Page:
Published: 2017-11-03 14:14
Last Updated: 2017-11-03 18:52
Eleven years of a bloody tribal feud, leaving 60 dead and over 130 injured, made this Yemeni woman decide that enough is enough.
All mediation efforts in the past decade failed to solve the conflict, until activist Sumaya Ahmed al-Hussam stepped in.
The conflict arose between the Bani Badr and the Beit al-Qaidi tribes of the Hajjah province, northwestern Yemen over a plot of land, according to the Saudi Gazette, that even the government had to intervene.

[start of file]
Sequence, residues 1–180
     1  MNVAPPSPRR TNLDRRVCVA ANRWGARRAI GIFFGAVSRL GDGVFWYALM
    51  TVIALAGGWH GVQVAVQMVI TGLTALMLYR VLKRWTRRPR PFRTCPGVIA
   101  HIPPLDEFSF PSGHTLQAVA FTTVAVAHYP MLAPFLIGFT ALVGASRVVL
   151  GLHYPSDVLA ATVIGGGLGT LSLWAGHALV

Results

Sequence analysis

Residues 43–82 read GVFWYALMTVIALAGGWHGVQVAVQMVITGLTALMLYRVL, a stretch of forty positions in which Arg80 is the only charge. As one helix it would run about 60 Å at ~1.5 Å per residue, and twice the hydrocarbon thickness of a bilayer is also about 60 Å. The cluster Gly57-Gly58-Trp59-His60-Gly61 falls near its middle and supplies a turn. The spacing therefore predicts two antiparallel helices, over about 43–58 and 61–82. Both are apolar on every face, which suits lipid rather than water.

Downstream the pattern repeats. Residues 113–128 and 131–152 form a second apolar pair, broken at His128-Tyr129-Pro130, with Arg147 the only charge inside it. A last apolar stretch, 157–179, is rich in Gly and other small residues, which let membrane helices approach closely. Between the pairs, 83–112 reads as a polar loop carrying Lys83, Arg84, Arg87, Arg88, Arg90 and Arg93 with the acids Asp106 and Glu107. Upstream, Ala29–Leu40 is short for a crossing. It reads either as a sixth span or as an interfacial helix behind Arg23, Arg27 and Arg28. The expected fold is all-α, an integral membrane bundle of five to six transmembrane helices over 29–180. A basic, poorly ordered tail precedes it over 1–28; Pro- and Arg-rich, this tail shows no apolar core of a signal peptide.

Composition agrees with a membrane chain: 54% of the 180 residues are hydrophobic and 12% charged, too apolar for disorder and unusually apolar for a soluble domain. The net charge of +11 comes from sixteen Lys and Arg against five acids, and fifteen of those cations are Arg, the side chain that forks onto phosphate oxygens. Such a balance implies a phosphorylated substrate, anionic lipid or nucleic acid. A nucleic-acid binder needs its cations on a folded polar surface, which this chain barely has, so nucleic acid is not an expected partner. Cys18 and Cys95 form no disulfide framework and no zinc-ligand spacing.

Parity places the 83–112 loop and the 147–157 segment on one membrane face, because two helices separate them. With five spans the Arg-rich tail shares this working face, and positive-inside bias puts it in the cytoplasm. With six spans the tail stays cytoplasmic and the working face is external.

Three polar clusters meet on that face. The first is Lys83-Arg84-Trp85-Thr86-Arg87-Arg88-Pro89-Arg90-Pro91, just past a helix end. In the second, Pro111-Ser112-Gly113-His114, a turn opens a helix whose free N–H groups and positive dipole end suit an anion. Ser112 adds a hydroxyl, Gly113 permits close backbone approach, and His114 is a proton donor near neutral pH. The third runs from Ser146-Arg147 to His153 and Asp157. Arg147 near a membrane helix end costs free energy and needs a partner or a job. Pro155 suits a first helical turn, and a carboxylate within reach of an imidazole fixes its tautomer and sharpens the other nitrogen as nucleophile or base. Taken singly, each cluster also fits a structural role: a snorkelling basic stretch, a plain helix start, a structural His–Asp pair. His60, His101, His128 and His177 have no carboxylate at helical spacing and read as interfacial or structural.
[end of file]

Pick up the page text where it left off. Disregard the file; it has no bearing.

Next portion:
As the conflict worsened, 2012 witnessed the deaths of 60 and the injury of more than 130 locals including women and children.
Al-Husam conducted field investigations and marked the interests of each tribe, mediated talks, and put a map that would satisfy both parties, which led to an agreement.
Al-Hussam was not only well-educated and a certificate holder, her knowledge was implemented in real life, especially that after she earned a degree in Islamic law from Sanaa University, she also received several certificates in the field of conflict resolution and national dialogue.
This year, she was nominated to compete in the "Queen of Social Responsibility Program," which promotes women's initiatives in the Arab world, according to Al Arabiya.